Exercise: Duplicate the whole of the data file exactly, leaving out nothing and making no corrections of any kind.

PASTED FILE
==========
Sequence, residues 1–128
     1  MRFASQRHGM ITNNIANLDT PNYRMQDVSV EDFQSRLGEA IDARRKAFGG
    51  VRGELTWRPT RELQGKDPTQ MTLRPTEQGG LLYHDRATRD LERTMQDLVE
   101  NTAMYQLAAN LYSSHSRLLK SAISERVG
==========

Sequence, residues 1–128
     1  MRFASQRHGM ITNNIANLDT PNYRMQDVSV EDFQSRLGEA IDARRKAFGG
    51  VRGELTWRPT RELQGKDPTQ MTLRPTEQGG LLYHDRATRD LERTMQDLVE
   101  NTAMYQLAAN LYSSHSRLLK SAISERVG